As the sole judge of the weight and credibility of the testimony at the suppression hearing, the trial court could reasonably have disbelieved Henderson's testimony as to his claimed property and privacy interest in the GPS device. Furthermore, the trial court reasonably could have found that the GPS device was stolen property. We cannot say that society is prepared to recognize any subjective expectation of privacy Henderson may have had as one that is objectively reasonable under these circumstances. Additionally, from the facts that we have set out, it would be reasonable for the trial court to find that Henderson was not legitimately in possession of the GPS device, that he did not know how to operate the device, and that he did not take any precautions customarily taken by those seeking privacy. Based upon the facts we have recited, we cannot say Henderson showed that he had either a property interest or a reasonable expectation of privacy in the GPS device or its contents. The trial court did not abuse its discretion when it denied Henderson's motion to suppress. There was neither a search nor a seizure, as those terms are used in substantive Fourth Amendment law, of the GPS device because Henderson held neither a property interest nor a reasonable expectation of privacy in the device. Therefore, we need not discuss issues relating to consent or search incident to arrest. Henderson's first point of error is overruled.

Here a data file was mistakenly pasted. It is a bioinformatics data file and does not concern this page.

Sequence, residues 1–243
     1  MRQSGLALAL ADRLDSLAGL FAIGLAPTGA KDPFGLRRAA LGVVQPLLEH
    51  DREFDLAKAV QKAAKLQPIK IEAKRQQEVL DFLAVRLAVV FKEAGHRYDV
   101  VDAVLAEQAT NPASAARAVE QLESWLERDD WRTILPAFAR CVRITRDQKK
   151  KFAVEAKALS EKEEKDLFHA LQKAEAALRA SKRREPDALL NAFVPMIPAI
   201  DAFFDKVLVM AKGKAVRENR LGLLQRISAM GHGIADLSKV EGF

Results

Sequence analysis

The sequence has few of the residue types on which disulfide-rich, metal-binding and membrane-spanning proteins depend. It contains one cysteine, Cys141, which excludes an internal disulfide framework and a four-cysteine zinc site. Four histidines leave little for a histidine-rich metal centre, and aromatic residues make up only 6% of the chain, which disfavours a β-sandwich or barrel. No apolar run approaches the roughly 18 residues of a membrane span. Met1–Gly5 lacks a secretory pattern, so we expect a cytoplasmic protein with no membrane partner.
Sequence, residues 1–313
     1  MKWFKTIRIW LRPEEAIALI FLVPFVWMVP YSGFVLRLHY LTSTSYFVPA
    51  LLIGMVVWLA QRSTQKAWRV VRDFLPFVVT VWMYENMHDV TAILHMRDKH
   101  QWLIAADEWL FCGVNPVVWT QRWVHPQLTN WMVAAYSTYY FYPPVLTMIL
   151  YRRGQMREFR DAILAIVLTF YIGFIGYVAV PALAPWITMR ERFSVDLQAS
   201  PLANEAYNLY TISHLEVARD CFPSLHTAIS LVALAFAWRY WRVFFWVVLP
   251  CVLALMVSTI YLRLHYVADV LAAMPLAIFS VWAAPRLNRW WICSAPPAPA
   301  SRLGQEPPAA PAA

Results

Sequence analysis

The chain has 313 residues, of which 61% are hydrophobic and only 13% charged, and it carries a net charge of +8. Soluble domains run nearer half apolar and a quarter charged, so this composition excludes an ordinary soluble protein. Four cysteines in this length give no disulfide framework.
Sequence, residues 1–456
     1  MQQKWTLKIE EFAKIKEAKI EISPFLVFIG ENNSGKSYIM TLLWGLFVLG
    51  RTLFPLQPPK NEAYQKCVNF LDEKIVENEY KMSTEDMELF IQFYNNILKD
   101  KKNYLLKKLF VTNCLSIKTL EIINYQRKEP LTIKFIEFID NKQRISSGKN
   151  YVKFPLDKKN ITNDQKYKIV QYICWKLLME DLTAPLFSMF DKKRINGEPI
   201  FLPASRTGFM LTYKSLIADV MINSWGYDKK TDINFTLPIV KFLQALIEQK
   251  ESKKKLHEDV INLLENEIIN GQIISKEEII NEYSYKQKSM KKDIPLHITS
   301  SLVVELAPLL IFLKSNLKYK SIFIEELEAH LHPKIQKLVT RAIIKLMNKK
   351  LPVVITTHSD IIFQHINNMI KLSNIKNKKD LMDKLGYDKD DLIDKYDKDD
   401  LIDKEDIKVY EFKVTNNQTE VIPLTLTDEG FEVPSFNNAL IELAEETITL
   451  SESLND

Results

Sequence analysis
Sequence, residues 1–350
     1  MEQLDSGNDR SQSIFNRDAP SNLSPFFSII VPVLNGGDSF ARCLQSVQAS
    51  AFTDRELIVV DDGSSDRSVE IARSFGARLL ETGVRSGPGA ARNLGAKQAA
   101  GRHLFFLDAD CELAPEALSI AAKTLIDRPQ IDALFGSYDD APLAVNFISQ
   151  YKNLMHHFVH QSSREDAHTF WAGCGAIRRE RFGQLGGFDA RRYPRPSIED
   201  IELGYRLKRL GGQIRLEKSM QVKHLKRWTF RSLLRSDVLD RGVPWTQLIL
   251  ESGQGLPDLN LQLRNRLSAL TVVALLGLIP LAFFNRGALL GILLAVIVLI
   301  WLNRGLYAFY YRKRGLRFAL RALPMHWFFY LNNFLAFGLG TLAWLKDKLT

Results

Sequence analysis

In Point of Error Nos. Two and Three, Henderson challenges the sufficiency of the evidence to support his conviction. Specifically, he challenges the sufficiency of the evidence to show that the GPS device was owned by Janak and that Henderson's appropriation of the GPS device was unlawful. He does not challenge any of the other elements of the offense.